How to take a larger slice of the renewal pie

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It may be a controversial tactic, but one leading broker has established a rate buydown system specifically tailored to switching lenders at renewal. Dustan Woodhouse of Dominion Lending Centres explains.

With around 1.1 million privately owned properties in B.C., about 50 per cent of which have mortgages on them, there are arguably more than 100,000 renewal transactions up for grabs in my home province each year. This is a significantly larger market than purchase transactions, and one with far less pressure and much longer lead times than most refinance and purchase transactions tend to entail.

Nice work if you can get it.

That, for me, has been the challenge since day one. The statistics we often hear are that lenders retain around 70 per cent of existing clients at the time of renewal. One popular broker lender boasts a current renewal retention rate of 91 per cent.

In other words, this is not an easy nut to crack.

As a broker starting out in 2008, I knew the above numbers, all of them, yet still made initial efforts to win some renewal business as the opportunity arose. However I quickly learned that in the 11th hour, in particular once the payout statement was ordered, lenders would get far more aggressive than the market rates offered in the initial renewal letters sent to their clients. Many clients would wind up sticking with their existing lender at that point. The time, and often the money I had invested in the file, was all for naught.

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  • Jim Tourloukis, Advent on 2015-03-23 2:11:49 PM

    Hi Dustin
    Thanks for sharing your approach. It is very interesting to actually get in front of the deal as you do and put the onus on the client to review with the lender directly. We actually do a similar thing when a potential client calls us requesting a rate. However, we do not send them a letter nor do we spend much time with them (at most 7 minutes is all they get at this point). We tell them to shop around and only come back to us once they have done so. It eliminates much of the wasted time.
    For renewals, we have had tremendous success retaining about 75% of past clients at renewal. However, we have only done this in the past year and a half (we never focused on past clients until we re-joined Verico in 2013 to use their CRM tool). The key here is the lenders which you do business. With some lenders you have no chance at all at renewal. With others, it is pretty simple to retain. You just need to know how to approach the deal depending on the lender at play.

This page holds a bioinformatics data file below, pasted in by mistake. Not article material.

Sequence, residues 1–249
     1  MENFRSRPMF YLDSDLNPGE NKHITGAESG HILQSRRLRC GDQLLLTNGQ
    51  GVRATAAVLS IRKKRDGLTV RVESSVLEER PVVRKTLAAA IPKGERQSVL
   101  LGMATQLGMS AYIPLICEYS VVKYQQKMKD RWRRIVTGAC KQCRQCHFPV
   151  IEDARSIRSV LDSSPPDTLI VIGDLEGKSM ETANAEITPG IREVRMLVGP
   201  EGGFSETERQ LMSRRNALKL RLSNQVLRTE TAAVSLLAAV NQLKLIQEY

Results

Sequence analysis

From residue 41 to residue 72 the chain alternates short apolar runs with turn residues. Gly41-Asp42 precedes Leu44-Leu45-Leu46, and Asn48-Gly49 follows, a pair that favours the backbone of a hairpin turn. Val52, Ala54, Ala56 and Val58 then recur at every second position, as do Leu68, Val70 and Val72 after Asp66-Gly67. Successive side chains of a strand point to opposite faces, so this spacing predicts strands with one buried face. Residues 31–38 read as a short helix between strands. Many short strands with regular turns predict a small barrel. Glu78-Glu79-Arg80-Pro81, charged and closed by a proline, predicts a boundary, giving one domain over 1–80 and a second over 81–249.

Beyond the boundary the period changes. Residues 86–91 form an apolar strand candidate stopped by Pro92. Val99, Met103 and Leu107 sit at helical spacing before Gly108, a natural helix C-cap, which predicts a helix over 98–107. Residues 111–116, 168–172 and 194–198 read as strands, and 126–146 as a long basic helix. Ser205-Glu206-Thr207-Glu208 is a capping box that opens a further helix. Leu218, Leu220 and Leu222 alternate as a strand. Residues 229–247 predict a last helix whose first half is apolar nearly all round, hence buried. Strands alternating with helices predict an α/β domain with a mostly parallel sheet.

• Jim Tourloukis, Advent on 2015-03-23 2:13:42 PM

    oops. I meant Dustan, not Dustin. Sorry

  • Ron Butler on 2015-03-23 6:56:18 PM

    Jim makes a great point: know your adversary! Some FI are easy to take renewals from and some are totally hopeless. Several banks will go to the wall to hold on to a client and you have to know where to direct your energy.

  • Ottawa Broker on 2015-03-23 8:36:59 PM

    I find it interesting that the article won't name the lender that brags about a 91% retention rate with renewals. I am assuming the lender spends considerable money advertising in the magazine so they won't be named because brokers would think twice about using a lender that has a 91% retention rate at renewal.
    Myself, about 90% of my business goes to lenders that pay at renewal and that way the clients are not dragged through another approval process every 5 years.

  • Arbitrage on 2015-03-24 8:37:02 AM

    @Ottawa Broker - it's almost certainly First National. Our BDM used to brag about it for some inexplicable reason. I wonder if he noticed the dramatic drop off in business after those sessions. I'm with you on the renewals. I have been able to average 70% renewal lender over the last 3 years and simply can't understand the thinking behind brokers not making this strategy a primary focus of their business. There are enough quality renewal lenders today that neither you nor your client are sacrificing anything by supporting them. If they make competitive offers at renewal the client stays, and we get paid. If they don't then we hunt for greener pastures and again get paid. In either scenario I feel that placing clients with a renewal based lender is better for them (no undue pressure or influence from some brokers to move at renewal), better for me (working with lenders at renewal, not against them), and better for the lender (a renewal is significantly cheaper for them than a new origination). Healthy for the client and the industry as a whole IMHO.

  • Scott Tremblay on 2015-03-24 4:22:18 PM

    I like the strategy. I have been moving this way, and may consider the letter approach. If brokers move toward the Renewal/Trailer models as first choice the pressure will be on non renewal model lenders to follow what we are looking for or struggle going forward. Already seeing the shift. Great for client, lender and broker.

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